Multiple Slits regulate the development of midline glial populations and the corpus callosum

Divya K. Unni, Michael Piper, Randal X. Moldrich, Ilan Gobius, Sha Liu, Thomas Fothergill, Amber Lee S. Donahoo, John M. Baisden, Helen M. Cooper, Linda J. Richards

Research output: Contribution to journalArticlepeer-review

49 Scopus citations


The Slit molecules are chemorepulsive ligands that regulate axon guidance at the midline of both vertebrates and invertebrates. In mammals, there are three Slit genes, but only Slit2 has been studied in any detail with regard to mammalian brain commissure formation. Here, we sought to understand the relative contributions that Slit proteins make to the formation of the largest brain commissure, the corpus callosum. Slit ligands bind Robo receptors, and previous studies have shown that Robo1-/- mice have defects in corpus callosum development. However, whether the Slit genes signal exclusively through Robo1 during callosal formation is unclear. To investigate this, we compared the development of the corpus callosum in both Slit2-/- and Robo1-/- mice using diffusion magnetic resonance imaging. This analysis demonstrated similarities in the phenotypes of these mice, but crucially also highlighted subtle differences, particularly with regard to the guidance of post-crossing axons. Analysis of single mutations in Slit family members revealed corpus callosum defects (but not complete agenesis) in 100% of Slit2-/- mice and 30% of Slit3-/- mice, whereas 100% of Slit1-/-; Slit2-/- mice displayed complete agenesis of the corpus callosum. These results revealed a role for Slit1 in corpus callosum development, and demonstrated that Slit2 was necessary but not sufficient for midline crossing in vivo. However, co-culture experiments utilising Robo1-/- tissue versus Slit2 expressing cell blocks demonstrated that Slit2 was sufficient for the guidance activity mediated by Robo1 in pre-crossing neocortical axons. This suggested that Slit1 and Slit3 might also be involved in regulating other mechanisms that allow the corpus callosum to form, such as the establishment of midline glial populations. Investigation of this revealed defects in the development and dorso-ventral positioning of the indusium griseum glia in multiple Slit mutants. These findings indicate that Slits regulate callosal development via both classical chemorepulsive mechanisms, and via a novel role in mediating the correct positioning of midline glial populations. Finally, our data also indicate that some of the roles of Slit proteins at the midline may be independent of Robo signalling, suggestive of additional receptors regulating Slit signalling during development.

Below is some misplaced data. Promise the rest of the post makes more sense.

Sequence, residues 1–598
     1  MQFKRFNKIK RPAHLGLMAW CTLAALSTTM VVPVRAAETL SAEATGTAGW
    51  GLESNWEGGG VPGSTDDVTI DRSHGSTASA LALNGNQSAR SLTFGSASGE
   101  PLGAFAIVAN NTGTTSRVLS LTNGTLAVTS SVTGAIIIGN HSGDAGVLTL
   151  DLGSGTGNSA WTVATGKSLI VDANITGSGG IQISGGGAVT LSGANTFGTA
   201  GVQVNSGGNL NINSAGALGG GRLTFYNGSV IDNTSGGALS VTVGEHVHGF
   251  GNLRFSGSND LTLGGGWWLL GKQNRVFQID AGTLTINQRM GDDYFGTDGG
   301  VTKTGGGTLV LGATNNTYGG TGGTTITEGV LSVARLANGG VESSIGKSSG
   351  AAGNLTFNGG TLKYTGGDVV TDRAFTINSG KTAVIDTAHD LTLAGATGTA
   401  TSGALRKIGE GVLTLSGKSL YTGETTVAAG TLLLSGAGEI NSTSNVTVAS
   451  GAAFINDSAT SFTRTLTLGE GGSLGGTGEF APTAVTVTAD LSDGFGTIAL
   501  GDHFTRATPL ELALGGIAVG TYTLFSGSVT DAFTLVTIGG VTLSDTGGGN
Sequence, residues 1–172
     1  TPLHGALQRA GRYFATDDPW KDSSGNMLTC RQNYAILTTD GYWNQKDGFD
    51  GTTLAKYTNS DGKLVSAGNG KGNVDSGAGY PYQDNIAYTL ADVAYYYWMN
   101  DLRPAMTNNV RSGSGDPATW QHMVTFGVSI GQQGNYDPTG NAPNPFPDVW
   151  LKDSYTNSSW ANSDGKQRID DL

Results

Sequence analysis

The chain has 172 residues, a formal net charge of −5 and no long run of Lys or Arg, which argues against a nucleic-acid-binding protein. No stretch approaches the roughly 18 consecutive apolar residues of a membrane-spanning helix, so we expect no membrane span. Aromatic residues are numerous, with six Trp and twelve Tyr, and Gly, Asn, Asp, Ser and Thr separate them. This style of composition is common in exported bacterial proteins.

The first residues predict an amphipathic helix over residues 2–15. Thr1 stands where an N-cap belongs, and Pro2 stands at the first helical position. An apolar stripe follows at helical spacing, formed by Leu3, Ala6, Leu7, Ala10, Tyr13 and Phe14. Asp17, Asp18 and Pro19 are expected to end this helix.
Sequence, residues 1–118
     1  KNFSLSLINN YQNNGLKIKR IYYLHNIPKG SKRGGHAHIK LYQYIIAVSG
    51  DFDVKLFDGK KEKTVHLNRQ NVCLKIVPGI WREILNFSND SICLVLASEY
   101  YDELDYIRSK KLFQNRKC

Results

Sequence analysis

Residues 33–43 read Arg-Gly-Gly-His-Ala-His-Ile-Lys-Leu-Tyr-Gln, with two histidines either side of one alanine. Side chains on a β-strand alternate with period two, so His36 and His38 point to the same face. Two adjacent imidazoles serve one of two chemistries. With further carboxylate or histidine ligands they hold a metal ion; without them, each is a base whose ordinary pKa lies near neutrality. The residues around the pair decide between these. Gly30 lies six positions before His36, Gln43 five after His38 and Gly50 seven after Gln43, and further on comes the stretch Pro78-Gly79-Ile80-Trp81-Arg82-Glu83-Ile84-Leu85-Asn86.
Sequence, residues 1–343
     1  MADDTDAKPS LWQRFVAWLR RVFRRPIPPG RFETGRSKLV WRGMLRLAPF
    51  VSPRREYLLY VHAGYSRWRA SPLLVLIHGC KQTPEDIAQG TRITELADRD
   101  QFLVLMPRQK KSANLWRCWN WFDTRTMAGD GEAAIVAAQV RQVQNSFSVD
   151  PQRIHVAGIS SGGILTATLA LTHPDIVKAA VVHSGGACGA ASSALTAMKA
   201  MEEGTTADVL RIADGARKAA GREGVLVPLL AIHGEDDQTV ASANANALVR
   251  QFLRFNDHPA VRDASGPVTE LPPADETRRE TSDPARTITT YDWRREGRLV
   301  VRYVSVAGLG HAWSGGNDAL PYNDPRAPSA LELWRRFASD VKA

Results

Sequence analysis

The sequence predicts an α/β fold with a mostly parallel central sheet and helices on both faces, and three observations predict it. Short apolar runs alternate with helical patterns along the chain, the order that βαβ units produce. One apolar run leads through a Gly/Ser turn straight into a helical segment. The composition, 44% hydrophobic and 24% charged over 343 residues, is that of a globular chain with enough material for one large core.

Original languageEnglish
Pages (from-to)36-49
Number of pages14
JournalDevelopmental Biology
Issue number1
StatePublished - May 1 2012


  • Axon guidance
  • Cerebral cortex
  • Commissure formation
  • Diffusion magnetic resonance imaging
  • Indusium griseum glia
  • Midline formation


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